Again, WhatsApp, social media tool, has reduced the number of contacts that can receive forwarded messages at a time to curb the spread of false information about Coronavirus Disease (COVID-19).
From now, users can only forward messages to one contact at a time, rather than to multiple contacts simultaneously.
The messaging app had previously reduced the number of chats that could receive a message simultaneously, but the latest development is a stricter measure.
The messaging app has often been criticised for playing a role in spreading false information, so in order to prevent the spread of fake information amidst the Coronavirus outbreak, WhatsApp has taken this drastic action.
Part of its previous measures taken to curb the spread had been to introduce a new feature that helps users identify personal messages from forwarded ones. The limitation placed, according to WhatsApp, caused a 25% decline in the number of forwarded messages.
In a statement issued by WhatsApp and seen by Nairametrics, it said, “Last year, we introduced users to the concept of messages that have been forwarded many times. These messages are labeled with double arrows to indicate they did not originate from close contact.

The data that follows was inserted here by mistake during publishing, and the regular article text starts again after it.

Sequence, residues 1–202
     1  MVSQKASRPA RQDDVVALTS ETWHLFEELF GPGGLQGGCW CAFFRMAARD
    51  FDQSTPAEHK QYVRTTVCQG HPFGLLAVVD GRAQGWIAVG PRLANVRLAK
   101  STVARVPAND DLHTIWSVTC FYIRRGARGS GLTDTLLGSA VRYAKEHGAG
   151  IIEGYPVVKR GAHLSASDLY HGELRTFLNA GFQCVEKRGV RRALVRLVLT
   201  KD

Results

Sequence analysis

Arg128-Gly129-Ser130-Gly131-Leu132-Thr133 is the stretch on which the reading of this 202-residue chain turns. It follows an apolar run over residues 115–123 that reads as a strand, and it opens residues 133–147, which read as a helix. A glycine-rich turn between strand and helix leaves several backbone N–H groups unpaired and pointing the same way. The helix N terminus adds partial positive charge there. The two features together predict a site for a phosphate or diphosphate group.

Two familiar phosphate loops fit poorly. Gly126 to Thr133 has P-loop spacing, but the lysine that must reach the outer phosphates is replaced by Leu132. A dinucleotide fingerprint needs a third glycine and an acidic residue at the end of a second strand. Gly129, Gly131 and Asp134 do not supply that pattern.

“In effect, these messages are less personal compared to typical messages sent on WhatsApp. We are now introducing a limit so that these messages can only be forwarded to one chat at a time. As a private messaging service, we’ve taken several steps over the years to help keep conversations intimate.
“For example, we previously set limits on forwarded messages to constrain virality, which led to a 25% decrease in message forwards globally at the time.”
WhatsApp is left with no choice: It stated that it understood that some messages forwarded to multiple contacts could be beneficial, but the recent spike in the number of forwarded messages recorded had been causing anxiety among users, hence the latest restriction, which should slow things down.
“We know many users forward helpful information, as well as funny videos, and reflections or prayers they find meaningful. In recent weeks, people have also used WhatsApp to organize public moments of support for frontline health workers.
“However, we’ve seen a significant increase in the amount of forwarding which users have told us can feel overwhelming and can contribute to the spread of misinformation. We believe it’s important to slow the spread of these messages down to keep WhatsApp a place for personal conversation,” it added.
WhatsApp said it is working directly with “NGOs and governments, including the World Health Organization and over 20 national health ministries, to help connect people with accurate information,” amidst the Coronavirus outbreak.